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The Sonet Blues Story: Otis Rush - Troubles, Troubles

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Album Review

Troubles, Troubles was originally recorded for Sonet, but is probably better known through its re-release as Lost in the Blues by Alligator. Lost in the Blues was justifiably criticized because of the decision to have Lucky Peterson overdub a bunch of keyboards in order to give it a more "contemporary" (read: more "Alligator") sound. This release is of the original album (with a couple bonus alternate takes) without all the overdubbing, and is a vast improvement over the Alligator version. But how does it stand as an Otis Rush album? It's a very good set — perhaps "comfortable" says it best — recorded with Rush's longstanding band of Bob Levis on rhythm guitar, Bob Stroger on bass, and Jesse Lewis Green on drums (despite what the package says). Recorded during an afternoon at a Stockholm studio while on tour, the band is tight and Rush's guitar and vocals are both in fine form, but the set seems to be lacking the fire that makes Otis Rush such a riveting performer when he's on his game. It's not really that he's going through the motions, because there is some passion to the performances. They just seem, well, comfortable, offering what's expected but little more on this set of covers (with none of Rush's signature tunes). Maybe it was the afternoon recording time, maybe it was the lack of an audience, but Rush just doesn't take it up to the next level the way he's able to. That's really the story of his recording career in microcosm. Considering his very inconsistent discography, you can put this one in the "good" column, but there are several Otis Rush albums you should own before this one.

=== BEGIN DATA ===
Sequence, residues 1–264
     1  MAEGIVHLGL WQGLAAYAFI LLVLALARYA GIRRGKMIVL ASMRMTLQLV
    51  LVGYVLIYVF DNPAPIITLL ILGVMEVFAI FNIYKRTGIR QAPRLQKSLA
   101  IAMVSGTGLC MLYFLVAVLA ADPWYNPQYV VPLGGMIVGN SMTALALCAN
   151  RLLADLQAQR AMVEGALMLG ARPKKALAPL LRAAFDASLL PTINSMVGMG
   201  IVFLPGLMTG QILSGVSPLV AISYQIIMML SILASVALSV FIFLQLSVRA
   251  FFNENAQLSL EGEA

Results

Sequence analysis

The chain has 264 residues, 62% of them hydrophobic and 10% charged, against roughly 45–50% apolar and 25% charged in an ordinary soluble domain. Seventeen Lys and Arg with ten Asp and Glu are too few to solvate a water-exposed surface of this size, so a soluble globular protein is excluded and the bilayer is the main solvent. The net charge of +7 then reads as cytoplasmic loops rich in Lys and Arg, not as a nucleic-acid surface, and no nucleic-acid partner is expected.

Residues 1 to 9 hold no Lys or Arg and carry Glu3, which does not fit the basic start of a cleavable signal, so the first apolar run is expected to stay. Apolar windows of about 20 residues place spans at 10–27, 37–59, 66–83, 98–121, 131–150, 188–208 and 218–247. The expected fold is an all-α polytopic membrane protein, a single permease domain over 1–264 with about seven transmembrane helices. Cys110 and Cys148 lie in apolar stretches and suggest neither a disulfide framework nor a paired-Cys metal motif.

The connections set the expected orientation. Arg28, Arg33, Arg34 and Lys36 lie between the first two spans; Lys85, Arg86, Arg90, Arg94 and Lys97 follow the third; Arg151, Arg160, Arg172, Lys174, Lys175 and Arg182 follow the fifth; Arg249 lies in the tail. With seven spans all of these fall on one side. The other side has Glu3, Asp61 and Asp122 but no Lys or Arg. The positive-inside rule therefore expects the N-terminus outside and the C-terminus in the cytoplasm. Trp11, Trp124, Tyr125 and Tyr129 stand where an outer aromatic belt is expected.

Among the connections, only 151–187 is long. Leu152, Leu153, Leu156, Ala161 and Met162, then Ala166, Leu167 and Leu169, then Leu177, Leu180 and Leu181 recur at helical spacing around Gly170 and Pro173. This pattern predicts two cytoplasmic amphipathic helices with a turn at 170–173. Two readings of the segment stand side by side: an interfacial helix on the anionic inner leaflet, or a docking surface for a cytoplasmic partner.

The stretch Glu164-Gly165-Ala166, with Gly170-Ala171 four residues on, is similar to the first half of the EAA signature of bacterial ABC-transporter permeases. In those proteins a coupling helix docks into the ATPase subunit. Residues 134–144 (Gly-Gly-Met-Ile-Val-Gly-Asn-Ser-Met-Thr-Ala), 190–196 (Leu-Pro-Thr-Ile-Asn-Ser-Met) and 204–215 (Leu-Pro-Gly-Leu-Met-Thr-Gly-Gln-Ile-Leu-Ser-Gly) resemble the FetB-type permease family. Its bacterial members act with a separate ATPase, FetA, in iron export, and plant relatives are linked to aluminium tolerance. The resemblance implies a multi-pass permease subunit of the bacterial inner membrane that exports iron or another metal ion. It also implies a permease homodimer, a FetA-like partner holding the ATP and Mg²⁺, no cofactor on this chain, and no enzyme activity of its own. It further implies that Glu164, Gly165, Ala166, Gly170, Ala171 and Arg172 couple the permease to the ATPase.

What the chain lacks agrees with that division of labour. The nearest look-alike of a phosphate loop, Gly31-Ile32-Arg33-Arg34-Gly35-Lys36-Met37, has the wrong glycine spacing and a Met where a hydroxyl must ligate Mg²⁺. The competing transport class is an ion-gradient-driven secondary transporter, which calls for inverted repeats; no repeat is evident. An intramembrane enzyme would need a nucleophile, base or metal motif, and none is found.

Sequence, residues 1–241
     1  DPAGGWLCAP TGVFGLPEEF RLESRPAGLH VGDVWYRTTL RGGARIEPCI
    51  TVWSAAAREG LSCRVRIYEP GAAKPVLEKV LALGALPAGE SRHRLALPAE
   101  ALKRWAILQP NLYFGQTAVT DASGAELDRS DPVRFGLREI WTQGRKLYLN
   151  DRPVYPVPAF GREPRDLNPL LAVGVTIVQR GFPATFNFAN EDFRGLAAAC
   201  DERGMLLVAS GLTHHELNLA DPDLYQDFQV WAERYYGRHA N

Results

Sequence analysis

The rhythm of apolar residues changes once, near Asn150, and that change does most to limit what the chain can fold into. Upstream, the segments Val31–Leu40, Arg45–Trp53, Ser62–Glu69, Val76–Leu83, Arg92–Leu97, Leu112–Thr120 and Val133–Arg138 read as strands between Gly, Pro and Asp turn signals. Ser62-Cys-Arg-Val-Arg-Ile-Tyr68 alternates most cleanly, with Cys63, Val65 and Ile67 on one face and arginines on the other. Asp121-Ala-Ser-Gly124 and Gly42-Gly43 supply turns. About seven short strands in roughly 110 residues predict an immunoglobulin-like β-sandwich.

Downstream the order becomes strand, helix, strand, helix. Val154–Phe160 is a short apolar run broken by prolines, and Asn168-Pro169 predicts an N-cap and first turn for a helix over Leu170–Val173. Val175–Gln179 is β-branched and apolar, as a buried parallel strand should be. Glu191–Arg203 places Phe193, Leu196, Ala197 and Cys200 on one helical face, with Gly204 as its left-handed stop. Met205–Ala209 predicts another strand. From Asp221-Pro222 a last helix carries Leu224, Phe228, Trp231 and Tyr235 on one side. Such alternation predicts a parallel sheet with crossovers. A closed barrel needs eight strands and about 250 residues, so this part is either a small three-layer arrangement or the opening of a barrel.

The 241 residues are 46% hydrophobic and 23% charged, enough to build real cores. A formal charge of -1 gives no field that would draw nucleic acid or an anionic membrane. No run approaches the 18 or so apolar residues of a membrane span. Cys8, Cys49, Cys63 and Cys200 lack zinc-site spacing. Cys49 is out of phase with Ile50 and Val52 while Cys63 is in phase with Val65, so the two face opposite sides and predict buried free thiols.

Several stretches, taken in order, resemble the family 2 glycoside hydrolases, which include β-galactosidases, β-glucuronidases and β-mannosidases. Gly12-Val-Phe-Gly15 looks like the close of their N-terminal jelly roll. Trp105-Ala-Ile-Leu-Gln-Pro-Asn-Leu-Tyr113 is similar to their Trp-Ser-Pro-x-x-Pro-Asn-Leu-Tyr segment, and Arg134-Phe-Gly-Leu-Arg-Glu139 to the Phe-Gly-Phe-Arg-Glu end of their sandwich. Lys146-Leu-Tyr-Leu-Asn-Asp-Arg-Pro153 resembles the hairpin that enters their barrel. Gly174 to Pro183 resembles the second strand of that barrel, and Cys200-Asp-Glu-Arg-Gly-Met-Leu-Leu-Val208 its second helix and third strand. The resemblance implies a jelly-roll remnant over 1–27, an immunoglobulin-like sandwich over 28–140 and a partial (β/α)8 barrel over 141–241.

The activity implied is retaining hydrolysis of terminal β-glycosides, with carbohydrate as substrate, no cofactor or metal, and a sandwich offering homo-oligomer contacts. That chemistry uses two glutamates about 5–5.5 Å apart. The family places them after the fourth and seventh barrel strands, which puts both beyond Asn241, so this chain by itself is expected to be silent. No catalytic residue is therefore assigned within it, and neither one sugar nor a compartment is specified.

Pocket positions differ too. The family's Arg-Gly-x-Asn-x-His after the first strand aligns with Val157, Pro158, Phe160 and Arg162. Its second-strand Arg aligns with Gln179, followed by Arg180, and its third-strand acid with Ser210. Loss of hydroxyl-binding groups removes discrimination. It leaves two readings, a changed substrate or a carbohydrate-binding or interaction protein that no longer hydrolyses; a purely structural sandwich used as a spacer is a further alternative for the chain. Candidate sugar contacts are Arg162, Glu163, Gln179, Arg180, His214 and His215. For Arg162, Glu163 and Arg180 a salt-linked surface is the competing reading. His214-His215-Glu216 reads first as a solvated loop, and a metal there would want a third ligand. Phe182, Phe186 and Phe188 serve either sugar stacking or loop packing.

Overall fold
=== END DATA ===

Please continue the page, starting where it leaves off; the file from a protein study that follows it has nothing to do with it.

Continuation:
Biography

Born: 29 April 1934 in Philadelphia, MS

Genre: Blues

Years Active: '50s, '60s, '70s, '80s, '90s, '00s

Breaking into the R&B Top Ten his very first time out in 1956 with the startlingly intense slow blues "I Can't Quit You Baby," southpaw guitarist Otis Rush subsequently established himself as one of the premier bluesmen on the Chicago circuit. Rush is often credited with being one of the architects of the West side guitar style, along with Magic Sam and Buddy Guy. It's a nebulous honor, since Rush played clubs on Chicago's South side just as frequently during the sound's late-'50s incubation...
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